For many college coaches, it pays to get fired. Over a 17-year period beginning in 2005, public universities have shelled out more than $1.1 billion in buying out the contracts of college coaches, according to an InvestigateTV analysis of NCAA financial data collected by Syracuse University. Most of that money was spent on football coaches who play at the highest level of Division I athletics. As football coaches' annual compensation now stretches into seven digits, massive severance payments also grow bigger and bigger.
Defective: When government safety officials learned about 13 deaths tied to an infant rocker, a federal law prevented them from immediately alerting the public
Updated: Aug. 15, 2022 at 2:19 PM MST|
By Jill Riepenhoff, Jamie Grey and Lee Zurik
After the deaths of 13 children over the last 12 years, this summer, Fisher-Price and the U.S. Consumer Product Safety Commission warned parents not to let their children sleep in certain rockers the company has made since the 1990s. Now, InvestigateTV has discovered that during a 2021 Congressional hearing, the company dodged questions about whether it currently had products on the market linked to children’s deaths.
Updated: Jun. 2, 2022 at 11:47 AM MST|
By Jill Riepenhoff
Safe Sleep for Babies Act will save lives by removing two dangerous baby sleeping products from the U.S. market.
Updated: May. 18, 2022 at 5:15 PM MST|
By Shaley Sanders, Jill Riepenhoff and Lee Zurik
Horse racing has been steeped in controversy in recent years, but there is a push to make stricter rules for the sport.
Updated: May. 9, 2022 at 11:13 AM MST|
By Jill Riepenhoff, Conner Hendricks and Lee Zurik
A new federal law takes effect in July that aims to clean up thoroughbred horseracing, which for years has been plagued by scandals, drugs and equine fatalities. Racing insiders have pushed for decades for such a measure and they welcome the new oversight.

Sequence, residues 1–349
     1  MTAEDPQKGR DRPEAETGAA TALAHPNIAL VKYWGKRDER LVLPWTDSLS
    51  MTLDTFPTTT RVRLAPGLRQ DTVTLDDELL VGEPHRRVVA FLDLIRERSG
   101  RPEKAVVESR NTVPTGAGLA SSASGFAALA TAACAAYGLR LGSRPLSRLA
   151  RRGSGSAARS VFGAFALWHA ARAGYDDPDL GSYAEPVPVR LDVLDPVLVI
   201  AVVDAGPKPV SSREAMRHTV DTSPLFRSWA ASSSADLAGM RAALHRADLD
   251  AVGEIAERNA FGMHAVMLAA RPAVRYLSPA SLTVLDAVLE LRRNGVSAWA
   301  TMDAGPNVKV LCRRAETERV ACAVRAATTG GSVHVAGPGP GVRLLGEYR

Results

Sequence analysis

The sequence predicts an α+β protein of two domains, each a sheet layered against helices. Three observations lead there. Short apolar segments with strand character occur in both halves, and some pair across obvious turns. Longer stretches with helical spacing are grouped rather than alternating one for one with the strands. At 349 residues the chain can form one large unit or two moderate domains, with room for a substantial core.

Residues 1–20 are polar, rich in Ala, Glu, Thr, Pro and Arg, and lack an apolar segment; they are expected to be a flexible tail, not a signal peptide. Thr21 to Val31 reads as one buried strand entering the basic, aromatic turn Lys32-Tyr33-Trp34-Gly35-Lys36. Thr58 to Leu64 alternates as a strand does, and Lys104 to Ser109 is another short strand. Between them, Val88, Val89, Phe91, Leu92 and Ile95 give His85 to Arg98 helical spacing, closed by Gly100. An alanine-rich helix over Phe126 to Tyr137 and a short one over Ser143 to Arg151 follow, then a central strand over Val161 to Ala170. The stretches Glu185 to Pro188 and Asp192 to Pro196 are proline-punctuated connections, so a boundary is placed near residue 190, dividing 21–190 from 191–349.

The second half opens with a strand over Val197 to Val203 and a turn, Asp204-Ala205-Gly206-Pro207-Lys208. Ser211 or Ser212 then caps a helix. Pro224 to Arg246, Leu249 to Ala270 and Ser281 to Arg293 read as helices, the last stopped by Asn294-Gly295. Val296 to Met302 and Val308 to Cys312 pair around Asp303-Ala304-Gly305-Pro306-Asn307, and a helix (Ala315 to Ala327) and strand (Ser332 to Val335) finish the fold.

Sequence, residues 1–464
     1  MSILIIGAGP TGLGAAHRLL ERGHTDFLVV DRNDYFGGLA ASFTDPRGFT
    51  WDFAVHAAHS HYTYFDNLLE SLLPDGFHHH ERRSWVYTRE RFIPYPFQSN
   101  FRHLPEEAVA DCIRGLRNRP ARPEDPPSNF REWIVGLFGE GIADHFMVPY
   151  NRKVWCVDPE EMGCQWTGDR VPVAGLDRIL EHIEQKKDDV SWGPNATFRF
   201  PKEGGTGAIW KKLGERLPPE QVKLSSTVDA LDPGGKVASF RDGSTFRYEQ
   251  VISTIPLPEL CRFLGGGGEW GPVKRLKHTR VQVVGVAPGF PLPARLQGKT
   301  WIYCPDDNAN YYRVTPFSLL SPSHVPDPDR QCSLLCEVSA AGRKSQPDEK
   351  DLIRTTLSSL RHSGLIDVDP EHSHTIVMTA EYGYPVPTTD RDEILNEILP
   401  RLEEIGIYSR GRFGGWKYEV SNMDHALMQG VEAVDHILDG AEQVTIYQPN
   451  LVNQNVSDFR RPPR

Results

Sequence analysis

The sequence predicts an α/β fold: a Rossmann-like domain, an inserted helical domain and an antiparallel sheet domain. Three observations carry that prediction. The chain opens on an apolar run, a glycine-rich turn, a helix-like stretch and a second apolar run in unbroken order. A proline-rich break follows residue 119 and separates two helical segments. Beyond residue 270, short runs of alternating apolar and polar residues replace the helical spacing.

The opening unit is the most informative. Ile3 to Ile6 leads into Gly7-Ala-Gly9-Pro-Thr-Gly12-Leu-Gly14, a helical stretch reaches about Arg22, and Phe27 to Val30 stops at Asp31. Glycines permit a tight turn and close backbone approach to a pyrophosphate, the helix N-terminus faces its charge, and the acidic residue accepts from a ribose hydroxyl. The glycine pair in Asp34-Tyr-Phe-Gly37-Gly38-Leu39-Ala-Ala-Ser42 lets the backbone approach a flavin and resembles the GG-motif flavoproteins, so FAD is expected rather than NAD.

Defective: Congressional Democrats say it’s time to lift the veil of secrecy on potentially harmful products in Americans’ homes
Updated: Feb. 14, 2022 at 4:20 PM MST|
By Jill Riepenhoff and Jon Decker
Consumer advocates say the time is long past due to lift the cloak of secrecy at the U.S. Consumer Product Safety Commission. The issue rests with a provision in the Consumer Product Safety Act, known as Section 6(b), which requires the agency to receive approval from manufacturers before releasing any information about a specific product.
Defective: Government agency shackled by law often takes years to issue recalls on potentially dangerous products
Updated: Feb. 14, 2022 at 4:18 PM MST|
By Jill Riepenhoff, Lee Zurik and Jamie Grey
It takes years for the Consumer Product Safety Commission to remove dangerous products from the market because of its cumbersome rule-making process and ineffective recalls that don’t incentivize consumers to return or destroy dangerous items.
Updated: Feb. 14, 2022 at 4:09 PM MST|
By Jill Riepenhoff and Lee Zurik
The federal agency created to watchdog consumer products - from crock pots to xylophones - is muzzled by its governing law, which gives all the power to manufacturers, including those with dangerous toys, appliances and other items on the market. The Fisher-Price Rock N Play – an inclined sleep product that defied the American Academy of Pediatrics guidelines for safe infant sleeping – exposed all that is wrong with the Consumer Product Safety Commission.
Updated: Oct. 18, 2021 at 3:17 PM MST|
By Daniela Molina, Jill Riepenhoff and Lee Zurik
The lack of access to dental care plagues many parts of rural America.
Full Documentary: Bridging the Great Health Divide showcases efforts to fight disparities in rural America
Updated: Aug. 4, 2021 at 2:56 PM MST|
By Lee Zurik, Jamie Grey, Jill Riepenhoff, Daniela Molina and Owen Hornstein
Bridging the Great Health Divide explores issues in rural America through the lens of residents, doctors and other health care providers.
Deserted: Access to healthy, fresh and affordable foods is elusive for millions who live in rural America
Updated: Jun. 14, 2021 at 2:05 PM MST|
By Jill Riepenhoff, Daniela Molina, Jamie Grey and Lee Zurik
Before last year food insecurity impacted about 10% of all U.S. residents. Experts estimate that number has at least doubled since the pandemic.